The 16th is the signature par 4 at Royal Canberra Golf Club.
Played over a beautifully undulating piece of ground, the 16th is one of the stronger par fours on the property. From an elevated tee, the drive across the valley to the next hill is made more difficult by the bunker on the right, which guards the best line to the green. The approach plays across another valley to a small green bunkered on the left.
The 17th is a beautiful par 3.
This long par three plays as a mirror image to the 3rd, rewarding a long right-hander’s fade (left-to-right). From the main tee the hole plays around 185m but there is also a back tee, which stretches the hole to almost 220m – a wonderful test for the close of a major event.
The 18th hole is a long uphill par 5.
The final hole puts a premium on accuracy. The bunker on the left side of the tee shot is beyond the distance that most players can hit the ball, and the more relevant challenge is the bunker short and right of the green. Whilst the green is heavily undulating, the slopes can be used to advantage for the thinking golfer.
The 19th hole is a downhill dogleg par 4 to the left.
This hole is a great start to the Brindabella 9. The fairway bunker of the left is reachable off the tee for most golfers. A well-positioned tee to the right half of the fairway is ideal. Bunkers protect the right side of the green. Approaching the green from the left side is ideal.
The 20th hole is a short downhill par 3.
Large pine trees surround this beautiful par 3. Club selection is important on this hole. The green has a steep tier, which can promote the ball in the wrong direction if the club selection is not correct. Always take an extra club for a flag situated on the top tier. When putting up the tier, ensure that the ball has been struck with enough speed – otherwise the ball could easily not make the top of the tier, causing you to putt from further back than where you started.
The 21st hole is a short uphill dogleg par 4 to right.
This is the first hole across the road. It is a short hole, where longer hitters may go for the green, but there are heavy consequences for a miss-hit tee shot. The best play is to aim directly at the fairway bunker on the left. Club selection can vary from a hybrid to a driver. The fairway slopes right to left. The best angle into the green is from the middle- left of the fairway. This green is elevated which requires the player to take an extra club into the green. A front flag position is toughest here; make sure you take enough club to get onto the green.
The 22nd hole is a straightaway downhill par 4.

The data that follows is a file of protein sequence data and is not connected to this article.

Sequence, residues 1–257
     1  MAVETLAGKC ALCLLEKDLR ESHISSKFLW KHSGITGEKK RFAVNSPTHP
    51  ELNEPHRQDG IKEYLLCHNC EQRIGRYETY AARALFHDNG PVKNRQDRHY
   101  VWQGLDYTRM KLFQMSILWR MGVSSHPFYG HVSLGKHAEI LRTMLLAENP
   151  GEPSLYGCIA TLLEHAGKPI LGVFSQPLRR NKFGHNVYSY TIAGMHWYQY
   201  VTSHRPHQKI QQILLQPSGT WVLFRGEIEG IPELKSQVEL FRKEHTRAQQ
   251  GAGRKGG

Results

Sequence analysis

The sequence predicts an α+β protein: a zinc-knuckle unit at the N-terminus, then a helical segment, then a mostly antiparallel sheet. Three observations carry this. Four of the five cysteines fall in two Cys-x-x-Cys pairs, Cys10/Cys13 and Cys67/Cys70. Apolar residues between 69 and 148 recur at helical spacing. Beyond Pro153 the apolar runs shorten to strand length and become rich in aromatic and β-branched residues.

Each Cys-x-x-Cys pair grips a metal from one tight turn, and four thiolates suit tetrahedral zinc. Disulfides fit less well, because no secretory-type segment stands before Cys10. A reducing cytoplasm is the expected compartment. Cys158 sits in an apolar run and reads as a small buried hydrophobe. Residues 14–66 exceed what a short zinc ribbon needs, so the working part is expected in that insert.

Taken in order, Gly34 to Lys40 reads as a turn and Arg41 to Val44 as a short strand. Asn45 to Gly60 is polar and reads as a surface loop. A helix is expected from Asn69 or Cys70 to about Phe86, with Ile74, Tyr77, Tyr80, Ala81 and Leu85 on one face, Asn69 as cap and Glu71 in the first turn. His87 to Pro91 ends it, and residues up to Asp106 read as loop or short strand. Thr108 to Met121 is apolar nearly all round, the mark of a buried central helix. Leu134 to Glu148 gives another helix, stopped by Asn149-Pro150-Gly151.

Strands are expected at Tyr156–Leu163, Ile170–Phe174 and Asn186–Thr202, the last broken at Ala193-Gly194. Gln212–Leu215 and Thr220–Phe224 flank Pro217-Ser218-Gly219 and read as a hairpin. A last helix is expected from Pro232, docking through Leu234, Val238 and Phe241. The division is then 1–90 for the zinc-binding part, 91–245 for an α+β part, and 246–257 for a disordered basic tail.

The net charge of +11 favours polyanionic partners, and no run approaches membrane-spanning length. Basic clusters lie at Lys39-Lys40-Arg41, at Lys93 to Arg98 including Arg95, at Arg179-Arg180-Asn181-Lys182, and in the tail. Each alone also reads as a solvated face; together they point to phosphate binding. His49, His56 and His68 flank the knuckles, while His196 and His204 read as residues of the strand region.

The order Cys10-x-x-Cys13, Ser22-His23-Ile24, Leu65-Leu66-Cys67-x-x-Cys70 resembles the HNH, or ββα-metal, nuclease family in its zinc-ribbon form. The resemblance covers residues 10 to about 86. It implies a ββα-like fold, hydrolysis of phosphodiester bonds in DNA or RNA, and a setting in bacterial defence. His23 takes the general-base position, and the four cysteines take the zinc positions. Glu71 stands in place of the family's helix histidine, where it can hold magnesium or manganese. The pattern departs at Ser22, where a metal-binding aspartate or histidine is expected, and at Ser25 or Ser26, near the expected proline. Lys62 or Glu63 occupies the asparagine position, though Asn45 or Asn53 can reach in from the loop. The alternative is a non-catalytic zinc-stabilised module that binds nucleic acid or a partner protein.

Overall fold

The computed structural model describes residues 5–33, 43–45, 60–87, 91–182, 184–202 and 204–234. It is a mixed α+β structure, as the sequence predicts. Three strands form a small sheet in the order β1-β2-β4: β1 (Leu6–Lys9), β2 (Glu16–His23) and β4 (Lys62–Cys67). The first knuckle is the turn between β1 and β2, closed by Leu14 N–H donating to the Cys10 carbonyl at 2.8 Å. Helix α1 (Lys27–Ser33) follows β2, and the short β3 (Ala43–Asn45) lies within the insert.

With a beautiful view of the Brindabella Mountains, an accurate tee shot is required as there are bunkers on either side of the fairway. The longer hitters can fly the bunkers leaving a wedge shot into the green. Most golfers will hit to the fairway bunkers, leaving them with an uphill approach shot into the green, a large bunker protects the left side of the green. Taking an extra club into the green always helps, as the wind normally will be blowing into you. This green can be one of the fastest on the course, especially on the left side.
The 23rd hole is a straightaway par 4.
This hole is a favourite with most. The hole normally plays down wind, which allows golfers to open their shoulders and blast away with their driver. The fairway slopes left to right, with a pot bunker on the right waiting for an errant hit from the longer hitters. It is best to aim for the left of this green as the slope from the left helps the ball onto the green.
The 24th hole is a straightaway par 5.
This is a great par 5! There is a large bunker on the left half of the fairway. The wind normally blows from the right; therefore, a shot slightly left of the right hand bunkers is the ideal line for all golfers. Longer hitters may reach the green in two, but it will require an accurate shot splitting the bunkers situated on both sides of the green. The safest play is to lay-up towards the bunker on the right, which will give you an approximate shot of 110m. Making par here is quite satisfactory as the bunkers can catch you out.
The 25th hole is an uphill dogleg par 4 to right.
This hole requires a solid drive up the middle or even left half of the fairway. The big gum tree may block tee shots that land on the right half of the fairway. The bunker on the left protects this green. Take an extra club into the green, especially if your tee shot is still on the upslope of the fairway. This green breaks right to left. Hitting to the right of the green is the best play when approaching the green.
The 26th hole is a blind uphill par 3.
The tee shot presents a slightly blind uphill shot to a long narrow green. The green is guarded by two bunkers along the left side that are quite treacherous to play from. The play here is to bring it in from the right side where most often the ball will feed left onto the green. The green itself has a large slope protecting the first half of the green. Par here is a genuine score.
The 27th hole is a narrow uphill par 5.
This is a tough finishing hole. The tee shot is to a narrow landing area. The fairway slopes right to left, but be careful not to hit it too far right as the dense pines await your ball. Once you have hit the fairway, lay-up short of the two fairway bunkers with your second shot. The longer hitters can go for the green, but you will need to take an extra club to carry the fairway bunkers and greenside bunkers. The green has a steep slope at the front; shots landing on the front of the green can easily roll back down off. For the golfer who has played short of the cross bunkers, take an extra club for your approach shot into the green. A par on this hole is a great way to end the round.